Revisiting the mysterious bolivar-dollar exchange rate

I try to stick to Latin America energy and commodities around here, but humor me while I delve into a currency conundrum. Here is Bloomberg, in a long story out today about how the Venezuelan government tried to tame the exchange rate of its bolivar currency by jailing bond brokers last year. It’s worth reading to see what life is like for jailed bankers in South America (they see the sun only once a week and take on-line classes, which is probably not that different from when they worked trading desks). But there is also this, about the currency:

There was, however, another legal means of trading currencies: the bond market… During the first five months of 2010, the fluctuating exchange rate on the bond market plunged 26 percent, reaching a record low of 8.2 bolivars to the dollar on May 11.

Venezuelans who purchased bonds to obtain dollars deposited their money in foreign bank accounts. These funds could be held as savings or used to pay in dollars for imports. Bond trading was not only legal at the time; the government participated in it by issuing bonds of its own.

In late 2009 and early 2010, Central Bank President Nelson Merentes made it clear that the government believed the country’s brokerages were instrumental in Venezuela’s economic decline, according to Eduardo Fortuny, then a board member of the Venezuelan Association of Brokerage Houses.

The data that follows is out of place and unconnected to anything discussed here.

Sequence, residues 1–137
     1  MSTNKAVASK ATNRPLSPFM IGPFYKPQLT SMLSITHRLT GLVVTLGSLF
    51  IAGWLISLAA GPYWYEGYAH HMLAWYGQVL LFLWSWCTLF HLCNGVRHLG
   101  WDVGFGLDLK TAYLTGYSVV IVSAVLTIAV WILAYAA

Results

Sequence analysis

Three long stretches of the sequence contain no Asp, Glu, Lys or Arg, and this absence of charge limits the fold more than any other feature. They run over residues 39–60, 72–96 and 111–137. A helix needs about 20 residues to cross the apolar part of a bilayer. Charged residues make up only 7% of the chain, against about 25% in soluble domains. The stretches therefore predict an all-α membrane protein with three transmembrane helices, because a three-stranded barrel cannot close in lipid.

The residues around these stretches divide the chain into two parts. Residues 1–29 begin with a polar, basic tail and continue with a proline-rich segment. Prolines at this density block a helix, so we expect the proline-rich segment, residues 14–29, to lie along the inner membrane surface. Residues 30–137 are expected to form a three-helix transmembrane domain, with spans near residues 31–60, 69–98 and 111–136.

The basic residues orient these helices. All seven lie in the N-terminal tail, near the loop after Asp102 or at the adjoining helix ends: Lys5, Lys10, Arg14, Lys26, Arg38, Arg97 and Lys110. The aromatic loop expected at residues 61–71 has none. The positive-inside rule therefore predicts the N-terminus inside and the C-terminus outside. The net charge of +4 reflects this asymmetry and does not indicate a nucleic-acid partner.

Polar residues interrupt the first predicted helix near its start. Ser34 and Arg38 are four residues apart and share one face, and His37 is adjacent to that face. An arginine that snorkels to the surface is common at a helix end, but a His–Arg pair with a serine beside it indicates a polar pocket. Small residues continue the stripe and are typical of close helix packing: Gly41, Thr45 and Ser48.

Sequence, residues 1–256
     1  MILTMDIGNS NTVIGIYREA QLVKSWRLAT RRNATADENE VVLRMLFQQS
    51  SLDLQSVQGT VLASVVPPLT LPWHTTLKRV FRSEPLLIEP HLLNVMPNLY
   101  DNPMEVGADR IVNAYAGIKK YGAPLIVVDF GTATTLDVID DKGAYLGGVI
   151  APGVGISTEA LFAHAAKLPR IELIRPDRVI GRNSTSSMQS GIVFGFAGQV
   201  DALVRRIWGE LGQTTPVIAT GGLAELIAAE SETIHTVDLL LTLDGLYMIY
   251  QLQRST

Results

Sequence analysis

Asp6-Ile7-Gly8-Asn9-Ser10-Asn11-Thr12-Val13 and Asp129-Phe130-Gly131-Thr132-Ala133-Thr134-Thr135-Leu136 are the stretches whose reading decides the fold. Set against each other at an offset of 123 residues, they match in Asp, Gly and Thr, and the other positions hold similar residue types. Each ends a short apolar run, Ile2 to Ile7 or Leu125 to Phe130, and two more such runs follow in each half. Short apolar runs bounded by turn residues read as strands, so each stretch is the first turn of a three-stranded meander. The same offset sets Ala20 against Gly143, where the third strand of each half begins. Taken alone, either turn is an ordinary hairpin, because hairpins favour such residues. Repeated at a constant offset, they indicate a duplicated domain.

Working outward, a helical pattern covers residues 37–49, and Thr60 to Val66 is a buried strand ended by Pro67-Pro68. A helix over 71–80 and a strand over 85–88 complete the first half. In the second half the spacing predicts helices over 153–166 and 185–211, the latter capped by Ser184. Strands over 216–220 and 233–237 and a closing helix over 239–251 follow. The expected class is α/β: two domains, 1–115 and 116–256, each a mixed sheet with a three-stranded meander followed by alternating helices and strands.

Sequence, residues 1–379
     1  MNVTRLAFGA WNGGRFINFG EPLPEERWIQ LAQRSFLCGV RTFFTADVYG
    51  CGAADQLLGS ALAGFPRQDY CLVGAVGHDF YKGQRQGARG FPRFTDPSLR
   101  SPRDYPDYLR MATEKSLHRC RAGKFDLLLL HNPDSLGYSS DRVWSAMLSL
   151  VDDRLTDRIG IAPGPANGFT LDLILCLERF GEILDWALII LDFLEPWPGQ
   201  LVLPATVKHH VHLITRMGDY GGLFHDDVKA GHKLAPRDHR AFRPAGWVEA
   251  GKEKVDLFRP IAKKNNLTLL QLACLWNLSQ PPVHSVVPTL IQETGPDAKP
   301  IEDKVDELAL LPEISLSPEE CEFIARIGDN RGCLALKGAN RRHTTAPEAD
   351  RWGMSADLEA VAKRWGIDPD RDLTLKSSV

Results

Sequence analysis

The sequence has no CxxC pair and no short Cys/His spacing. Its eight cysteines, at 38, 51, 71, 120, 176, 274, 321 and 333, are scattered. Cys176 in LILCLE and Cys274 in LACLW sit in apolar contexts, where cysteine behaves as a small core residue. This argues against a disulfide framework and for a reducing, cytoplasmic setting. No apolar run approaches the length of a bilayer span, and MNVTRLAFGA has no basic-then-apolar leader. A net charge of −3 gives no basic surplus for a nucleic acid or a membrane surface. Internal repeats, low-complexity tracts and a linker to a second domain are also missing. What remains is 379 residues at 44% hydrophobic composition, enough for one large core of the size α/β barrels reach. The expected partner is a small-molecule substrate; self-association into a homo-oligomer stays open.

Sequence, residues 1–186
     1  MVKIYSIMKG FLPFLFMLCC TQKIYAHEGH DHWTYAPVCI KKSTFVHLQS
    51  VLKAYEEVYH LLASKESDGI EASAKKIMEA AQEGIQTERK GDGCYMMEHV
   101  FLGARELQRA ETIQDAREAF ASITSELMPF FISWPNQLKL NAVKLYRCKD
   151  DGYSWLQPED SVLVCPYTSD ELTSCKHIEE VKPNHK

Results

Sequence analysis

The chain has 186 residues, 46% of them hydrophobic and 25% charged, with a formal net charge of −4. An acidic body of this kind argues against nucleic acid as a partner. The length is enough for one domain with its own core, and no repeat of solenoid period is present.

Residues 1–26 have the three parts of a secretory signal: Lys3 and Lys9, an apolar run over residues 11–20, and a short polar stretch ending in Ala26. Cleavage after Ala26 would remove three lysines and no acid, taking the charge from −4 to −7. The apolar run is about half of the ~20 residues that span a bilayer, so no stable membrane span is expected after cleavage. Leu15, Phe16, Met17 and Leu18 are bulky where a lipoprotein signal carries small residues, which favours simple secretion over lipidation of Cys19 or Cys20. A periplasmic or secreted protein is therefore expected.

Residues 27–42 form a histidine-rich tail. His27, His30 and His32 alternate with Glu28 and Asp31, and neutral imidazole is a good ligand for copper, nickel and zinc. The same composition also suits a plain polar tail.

In private meetings with the group, Merentes called on the brokers to halt the bolivar’s slide or risk a possible confiscation of their businesses, Fortuny says. Merentes declined to comment…

“There’s no economic reasoning for the weakening of the bolivar,” Chavez said on state television. “This is a huge fraud against the republic.”

Now, Chavez was wrong. There was a reason: when the number of bolivars in circulation rises faster than oil exports, that means there are more bolivars going after each US dollar. And Venezuela has been printing money like mad, for years. Here is money supply (XLS) from the central bank:

Monetary liquidity Venezuela

Monetary liquidity has climbed about 76 percent in the last 18 months in Venezuela. And the exchange rate has weakened by only 3.7 percent. One explanation is that oil prices are very high, and so there are more dollars available in Venezuela, reducing demand on the parallel market. The Central Bank may also portion out its dollars carefully to avoid the panics that characterize almost every currency market. But is that all there is to it?

Were the brokerages manipulating the market after all, and maybe weakening the bolivar more than it would have weakened on its own? That is, could Chavez and Merentes be right? (Not morally right — the arrests and expropriations were obviously unjust, and what has happened to these people since is even worse. I mean right that the brokerages were, one way or another, affecting the currency rate.) It’s a possibility that goes unmentioned in the Bloomberg story. One mechanism I can think of is how everyone used to dance to the tune of one blog in particular which gave the daily bid and ask figures. The person behind that blog might have been able to stir currency panics. Who knows.

Or, perhaps, is the Venezuelan government even now involved in some sort of illegal parallel currency trading in order to keep the exchange rate down?